Tag Archives: flexible packaging

Is Digital Printing for Corrugated Packaging; The Holy Grail or Third Rail?

My first exposure to digital printing for Corrugated Packaging occurred when I joined Inland Container.  This occurred in late 2000, and Inland was in the process of developing a prototype digital press to evaluate the potential for digital printing in Packaging.  At that time, technology options were extremely limited, and the resulting image quality was at best suitable for printed stock boxes.  Still clear is the excitement; confusion and disbelief in the eyes of a customer when we showed them how they could design packaging, press a button, and see the packaging production begin in less than 90 seconds.  Job changes were managed on the fly, with versioning occurring without stopping production. The final, Aha moment occurred when the cartons were printed with a picture of each participant, each carton within the run different, at production speed. The reaction was as they say, priceless.  The problem is, and continues to be, priceless is an emotion; and emotions will not pay the bills!  Welcome to the digital promise!  The question needing to be answered is; how and when can we pay the bills with digital printing?

Our firm Karstedt Partners consults with a wide variety of companies at many levels within the Packaging Supply Chain.  Forecasting and projecting the technical requirements necessary for success with digital technologies in Packaging applications is one area we are quite familiar with.  We regularly speak with converters involved in high end graphics.  These converters consistently speak of 15%-20% of high graphics jobs being a better fit for digital printing.  Order volume is just one of the reasons frequently cited, others include difficult job set-ups, addressing urgent customer needs/lead time issues, and reduced cost.  Converters who currently have digital assets also speak to the eventual development of discreet digital markets.  These converters believe widespread access to digital printing, combined with a desire among Brand Owners to expand the use of print in promotional events, may grow high graphics demand by 20%-40% over time.  The concept of a discreet digital market is not unique to Corrugated Packaging, and has developed in virtually every segment digital printing participates in.  In Commercial Printing, the discreet market has developed around variable data, enabling customers to personalize printed literature.  In Labels, the discreet digital market has developed around JIT initiatives supporting new product launches, initial production requirements leading to full production, end of life product management, and packaging enhancements adding additional color.  Brand Owners, especially smaller Brands, consistently state the desire to extend beyond two color printing, but lack the budget to do so.  Digital printing enables the addition of color at little to no expense.  If you are printing in blue today, and wish to replace some of the blue with red, digital printing can easily accommodate that, without adding expense.   In our discussions with digital technology developers and Corrugated Converters, we define the current available US market for digital participation at approximately $1 billion dollars at the converters selling price.  The current market will most likely expand to a $2-$3 billion dollar market fairly quickly, based on the capabilities of the press.  Even at $3 billion dollars, digital printing is about 10% of the overall corrugated market, so why bother?  Our response is competitive advantage and profitability.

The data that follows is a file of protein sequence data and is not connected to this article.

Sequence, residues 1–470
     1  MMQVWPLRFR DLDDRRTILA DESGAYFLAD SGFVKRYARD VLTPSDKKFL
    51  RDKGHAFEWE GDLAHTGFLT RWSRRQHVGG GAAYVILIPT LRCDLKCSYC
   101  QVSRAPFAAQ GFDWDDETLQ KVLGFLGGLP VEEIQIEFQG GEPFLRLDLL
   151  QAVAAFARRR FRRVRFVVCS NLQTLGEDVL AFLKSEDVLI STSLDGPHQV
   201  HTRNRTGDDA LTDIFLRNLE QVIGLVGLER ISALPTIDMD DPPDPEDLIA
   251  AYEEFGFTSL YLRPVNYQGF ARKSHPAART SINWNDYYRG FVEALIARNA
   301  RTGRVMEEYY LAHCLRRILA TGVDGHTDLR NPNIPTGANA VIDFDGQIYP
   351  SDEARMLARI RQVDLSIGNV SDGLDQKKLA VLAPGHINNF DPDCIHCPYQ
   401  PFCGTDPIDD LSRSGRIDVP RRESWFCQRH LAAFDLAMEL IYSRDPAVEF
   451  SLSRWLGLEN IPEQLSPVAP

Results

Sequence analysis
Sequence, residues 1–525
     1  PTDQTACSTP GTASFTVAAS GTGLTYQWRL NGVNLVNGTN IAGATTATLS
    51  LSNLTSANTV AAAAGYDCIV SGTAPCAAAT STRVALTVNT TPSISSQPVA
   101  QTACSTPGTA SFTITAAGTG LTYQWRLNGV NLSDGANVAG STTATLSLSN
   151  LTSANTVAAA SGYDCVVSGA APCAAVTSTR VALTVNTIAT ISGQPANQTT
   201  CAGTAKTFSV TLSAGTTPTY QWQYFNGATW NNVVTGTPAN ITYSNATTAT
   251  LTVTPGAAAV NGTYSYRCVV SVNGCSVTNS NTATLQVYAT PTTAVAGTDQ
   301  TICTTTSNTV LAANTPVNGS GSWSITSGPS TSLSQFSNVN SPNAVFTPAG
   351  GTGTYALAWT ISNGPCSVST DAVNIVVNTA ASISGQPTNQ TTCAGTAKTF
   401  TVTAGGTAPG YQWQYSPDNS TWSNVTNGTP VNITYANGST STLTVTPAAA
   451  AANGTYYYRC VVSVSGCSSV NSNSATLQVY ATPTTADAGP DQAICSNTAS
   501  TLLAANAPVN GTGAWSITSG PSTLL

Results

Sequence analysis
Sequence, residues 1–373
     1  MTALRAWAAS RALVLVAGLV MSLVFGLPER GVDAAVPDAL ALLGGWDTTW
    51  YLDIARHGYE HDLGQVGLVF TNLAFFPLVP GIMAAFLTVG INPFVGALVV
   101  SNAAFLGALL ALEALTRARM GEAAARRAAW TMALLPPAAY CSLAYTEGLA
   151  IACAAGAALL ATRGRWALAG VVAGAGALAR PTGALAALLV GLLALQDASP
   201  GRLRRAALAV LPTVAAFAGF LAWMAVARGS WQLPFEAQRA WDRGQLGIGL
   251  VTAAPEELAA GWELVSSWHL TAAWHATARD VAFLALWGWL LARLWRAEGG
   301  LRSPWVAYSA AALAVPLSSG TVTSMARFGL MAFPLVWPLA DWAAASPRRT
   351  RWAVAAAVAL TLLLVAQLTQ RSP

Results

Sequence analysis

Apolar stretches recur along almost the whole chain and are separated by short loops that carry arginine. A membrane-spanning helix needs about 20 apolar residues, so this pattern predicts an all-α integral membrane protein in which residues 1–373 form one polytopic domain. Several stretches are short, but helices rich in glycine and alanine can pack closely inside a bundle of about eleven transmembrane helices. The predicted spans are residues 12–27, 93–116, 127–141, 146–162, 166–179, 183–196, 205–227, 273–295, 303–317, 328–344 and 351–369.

How do you build competitive advantage and profitability through a niche digital offering?  First, digital printing will not be a niche offering.  In the context of the overall Corrugated Market, digital printing will not have a commanding presence.  In the context of High Graphics Corrugated, digital printing has the opportunity to be a significant participant. Keep in mind, digital printing is potentially a “disruptive technology”.  By definition, disruptive technologies have the capability to be game changers.  In my first days at Inland a senior sales executive made the following comment, “if we make digital printing about the ability to print a box, we all lose”.  Converters have sufficient options for printing a corrugated box.  What is lacking is a print technology capable of addressing process inefficiencies, directly or indirectly related to the expanded process for corrugated printing, design, procurement and brand strategy.  Digital printing offers several unique advantages in this area. What are the process inefficiencies that you or your customers are struggling with?  How can digital printing be used to address them?  I was visiting with a company that manufactures air filters for the automotive aftermarket when an urgent call came in from their Sales Manager in Canada.  Their largest Canadian retailer had just stumbled upon the fact that the packaging they were receiving from the filter company was not printed in both English and French.  They were advised they would lose the business unless they could have new packaging on the shelf in two weeks.  Over 80 SKUs were involved, and the GM was not optimistic about the ability of their suppliers to respond in such a tight time frame, not to mention the expense for managing that many revisions.  Now, imagine if you had digital printing capability, even to manage the interim requirements while you completed the overall packaging transition.  A digital printer could be printing packaging within hours.  How often is your business confronted with similar issues?  What capabilities do you have to respond?  Competitive advantage can be obtained in a variety of ways.  Few truly obtain cost advantage, but many act like they have it.  Product advantage, when similar materials and processes are utilized is hard to obtain, much less sustain.  Service advantages built around digital processes have the ability of extending from product design to inventory and replenishment strategies. And, service advantages are sustainable with digital printing.